China's rise on the international scene over the past few years has correlated with its exponential economic growth. The European Union (EU), the world's largest development aid provider, has been feeling the heat of Beijing's closer ties with Africa. As a result, the EU's overall policy-making towards Africa has suffered from a loss of credibility and this has been further exposed both by the success of China's investments in Africa, and by the favourable response that China's investment proposals have received from African leaders. Dividing the book into five parts, the editors and an outstanding line up of Chinese and European contributors guide the reader through the complexities of China's rising influence in Africa, but they also analyse if and how the EU should adapt to this. "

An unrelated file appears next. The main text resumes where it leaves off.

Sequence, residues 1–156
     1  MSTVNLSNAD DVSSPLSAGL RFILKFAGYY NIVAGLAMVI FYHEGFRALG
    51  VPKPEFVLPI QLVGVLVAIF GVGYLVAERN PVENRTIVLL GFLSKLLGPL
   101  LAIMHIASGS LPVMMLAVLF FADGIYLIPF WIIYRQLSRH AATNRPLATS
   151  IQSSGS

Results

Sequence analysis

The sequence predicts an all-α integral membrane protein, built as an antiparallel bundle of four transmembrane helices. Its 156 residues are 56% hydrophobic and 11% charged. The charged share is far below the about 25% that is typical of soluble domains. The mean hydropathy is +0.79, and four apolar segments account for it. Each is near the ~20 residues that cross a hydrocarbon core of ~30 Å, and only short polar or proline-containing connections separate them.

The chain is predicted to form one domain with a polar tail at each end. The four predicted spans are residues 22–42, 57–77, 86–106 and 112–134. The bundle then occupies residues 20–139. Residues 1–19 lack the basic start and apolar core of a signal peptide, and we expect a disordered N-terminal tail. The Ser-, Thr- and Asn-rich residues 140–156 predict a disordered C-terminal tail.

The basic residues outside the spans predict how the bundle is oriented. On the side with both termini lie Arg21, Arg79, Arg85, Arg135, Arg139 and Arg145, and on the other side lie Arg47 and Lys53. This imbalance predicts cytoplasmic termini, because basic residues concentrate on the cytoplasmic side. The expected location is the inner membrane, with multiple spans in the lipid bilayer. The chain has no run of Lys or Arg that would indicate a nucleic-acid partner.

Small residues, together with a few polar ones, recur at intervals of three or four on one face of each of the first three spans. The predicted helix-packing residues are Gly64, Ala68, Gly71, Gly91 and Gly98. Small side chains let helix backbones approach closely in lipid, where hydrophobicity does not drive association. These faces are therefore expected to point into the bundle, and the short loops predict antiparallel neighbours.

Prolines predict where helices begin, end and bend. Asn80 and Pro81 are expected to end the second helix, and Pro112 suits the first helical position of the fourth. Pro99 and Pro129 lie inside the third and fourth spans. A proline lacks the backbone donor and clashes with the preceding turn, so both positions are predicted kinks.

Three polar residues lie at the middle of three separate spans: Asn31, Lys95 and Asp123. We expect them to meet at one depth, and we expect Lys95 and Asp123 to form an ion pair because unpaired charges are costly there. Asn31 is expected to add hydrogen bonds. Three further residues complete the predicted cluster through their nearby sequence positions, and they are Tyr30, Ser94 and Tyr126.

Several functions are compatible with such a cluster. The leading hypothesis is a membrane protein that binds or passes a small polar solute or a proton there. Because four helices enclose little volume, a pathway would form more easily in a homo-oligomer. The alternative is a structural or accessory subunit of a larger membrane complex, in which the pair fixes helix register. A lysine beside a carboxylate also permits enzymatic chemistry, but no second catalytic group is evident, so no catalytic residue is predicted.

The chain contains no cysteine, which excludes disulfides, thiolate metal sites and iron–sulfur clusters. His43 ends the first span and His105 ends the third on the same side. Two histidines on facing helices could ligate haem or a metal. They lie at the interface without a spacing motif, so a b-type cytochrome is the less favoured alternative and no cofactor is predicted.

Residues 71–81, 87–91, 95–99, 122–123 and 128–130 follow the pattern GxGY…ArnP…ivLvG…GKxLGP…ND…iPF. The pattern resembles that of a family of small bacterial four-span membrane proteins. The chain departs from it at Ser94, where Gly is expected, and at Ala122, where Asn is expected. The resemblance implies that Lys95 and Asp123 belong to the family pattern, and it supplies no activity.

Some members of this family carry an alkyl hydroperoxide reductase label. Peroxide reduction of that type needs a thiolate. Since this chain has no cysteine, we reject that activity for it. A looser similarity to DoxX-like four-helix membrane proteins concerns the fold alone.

'This unique book is a goldmine of information. Its wide-ranging, remarkably informative and often critical analysis by Chinese and European specialists will be essential reading for anyone interested in the crucial relationship between the EU, China and Africa.' Francis Snyder, Peking University, China and London School of Economics and Political Science, UK 'Men and Barton have beautifully simplified China 's enormity and variegated dynamism. From rags to riches, the big country effect is a lesson for all. Can Africa cope?' Philip Idro, Former Ugandan Ambassador to China '... this book provides a useful and wide-reaching discussion of China’s rise� and its implications for Africa, as well as examining how the EU could most usefully respond in a way that best benefits African development.' The China Journal 'The volume includes a rich and up-to-date overview of the well-known issues concerning European and Chinese approaches to Africa, with an emphasis on the rapid pace of evolution in all three continents... the volume helps those who see the world through the prism of interest and ideology to understand that especially since the end of the cold war, Africa itself has become a subject in terms of economic development and international relations, and no longer remains a mere object of outside powers. In that sense, in spite of huge setbacks and in face of overwhelming odds, Africa does, indeed, have good reason to try to gain from the needs and experiences of both Europe and China.' Journal of Chinese Political Science 'China’s burgeoning presence in Africa has received much scrutiny in recent years. Western perceptions of the Chinese model of resource and infrastructure focused engagement have often been sceptical, if not outright hostile, suggesting that China’s laissez-faire approach has undermined reforms by perpetuating the status quo and entrenching corrupt regimes. This edited book challenges some of those Western shibboleths, highlightin